Thursday, November 30, 2017

Hawaiian hair leis

On a recent trip to Hawaii, I visited the Kaua'i Museum and discovered again the power of hair, existent historically in so many different cultures. For the people on the island of Kaua'i, a person's hair, as well as bone and nail clippings, were carefully guarded as they were believed to carry a person's spirit, or mana.

The Kaua'i people made leis out of hair, called lei niho palaoa, described in the museum exhibit thus:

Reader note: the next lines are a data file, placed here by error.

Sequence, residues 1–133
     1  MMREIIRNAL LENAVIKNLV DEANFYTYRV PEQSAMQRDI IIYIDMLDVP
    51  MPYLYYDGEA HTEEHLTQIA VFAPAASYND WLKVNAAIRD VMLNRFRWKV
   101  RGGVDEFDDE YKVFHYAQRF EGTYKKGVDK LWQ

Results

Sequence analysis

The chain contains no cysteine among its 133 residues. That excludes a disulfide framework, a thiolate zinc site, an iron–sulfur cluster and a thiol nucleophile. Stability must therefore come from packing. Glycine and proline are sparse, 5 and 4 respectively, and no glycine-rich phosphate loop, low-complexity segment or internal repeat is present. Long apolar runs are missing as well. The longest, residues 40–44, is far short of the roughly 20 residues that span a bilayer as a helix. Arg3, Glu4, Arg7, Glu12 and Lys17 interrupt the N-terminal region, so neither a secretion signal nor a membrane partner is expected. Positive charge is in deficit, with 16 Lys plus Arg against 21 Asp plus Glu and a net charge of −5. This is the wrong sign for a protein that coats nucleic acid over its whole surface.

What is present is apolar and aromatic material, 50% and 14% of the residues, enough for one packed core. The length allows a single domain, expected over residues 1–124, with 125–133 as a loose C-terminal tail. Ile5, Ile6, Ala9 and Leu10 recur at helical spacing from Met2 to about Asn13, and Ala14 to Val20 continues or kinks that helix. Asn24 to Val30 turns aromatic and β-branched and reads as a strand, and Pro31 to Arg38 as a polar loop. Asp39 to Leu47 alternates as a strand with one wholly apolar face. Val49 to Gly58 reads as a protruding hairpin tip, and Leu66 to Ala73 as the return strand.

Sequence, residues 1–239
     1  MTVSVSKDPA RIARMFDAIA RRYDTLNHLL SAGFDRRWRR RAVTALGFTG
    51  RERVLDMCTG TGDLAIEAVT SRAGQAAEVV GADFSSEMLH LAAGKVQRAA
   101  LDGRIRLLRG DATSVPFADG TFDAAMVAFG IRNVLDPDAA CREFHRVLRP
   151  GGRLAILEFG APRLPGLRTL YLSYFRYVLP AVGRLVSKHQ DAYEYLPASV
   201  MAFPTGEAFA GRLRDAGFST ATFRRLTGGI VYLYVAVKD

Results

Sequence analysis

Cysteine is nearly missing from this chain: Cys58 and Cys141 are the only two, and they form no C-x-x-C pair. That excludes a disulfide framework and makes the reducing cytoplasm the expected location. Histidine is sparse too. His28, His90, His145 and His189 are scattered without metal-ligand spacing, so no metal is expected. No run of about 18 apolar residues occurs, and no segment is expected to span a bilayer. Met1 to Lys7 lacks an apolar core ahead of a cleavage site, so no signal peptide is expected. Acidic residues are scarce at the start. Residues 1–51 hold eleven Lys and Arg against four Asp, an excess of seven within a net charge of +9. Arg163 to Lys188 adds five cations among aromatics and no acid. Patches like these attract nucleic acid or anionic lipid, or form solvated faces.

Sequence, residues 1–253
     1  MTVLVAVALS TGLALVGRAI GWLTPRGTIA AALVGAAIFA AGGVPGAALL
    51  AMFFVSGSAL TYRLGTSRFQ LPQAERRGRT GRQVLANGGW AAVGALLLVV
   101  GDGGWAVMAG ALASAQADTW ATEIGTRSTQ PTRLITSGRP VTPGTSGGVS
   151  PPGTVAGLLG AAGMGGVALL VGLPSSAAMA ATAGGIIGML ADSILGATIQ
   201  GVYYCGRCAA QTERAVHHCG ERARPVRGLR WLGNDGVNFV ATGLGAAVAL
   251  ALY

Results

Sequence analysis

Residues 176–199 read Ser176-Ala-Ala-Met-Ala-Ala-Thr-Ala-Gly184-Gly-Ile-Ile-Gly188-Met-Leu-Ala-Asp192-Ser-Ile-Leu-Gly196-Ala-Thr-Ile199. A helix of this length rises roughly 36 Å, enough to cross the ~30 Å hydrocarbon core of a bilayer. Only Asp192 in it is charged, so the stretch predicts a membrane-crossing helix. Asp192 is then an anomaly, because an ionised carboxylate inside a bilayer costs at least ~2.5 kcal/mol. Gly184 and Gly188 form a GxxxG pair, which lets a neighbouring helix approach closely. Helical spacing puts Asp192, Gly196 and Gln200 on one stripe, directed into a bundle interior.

This lei worn by men and women of high rank consisted of up to 1,000 strands of plaited (braided with 8 hairs) human hair from which hung a pendant carved in the shape of the tongue of the god Ku. It signifies the wearer speaks with authority.
The interpretive plaque went on to explain the talisman-like significance of the lei niho palaoa.
The hair of a highly regarded person was often used to create the strands of plaited human hair (this included hair from enemy warriors that were highly respected). The men would wear the lei niho palaoa into battle as protection.
While the pendant pictured here is carved of whale ivory, other pendants were made of pearl shell, wood, or stone.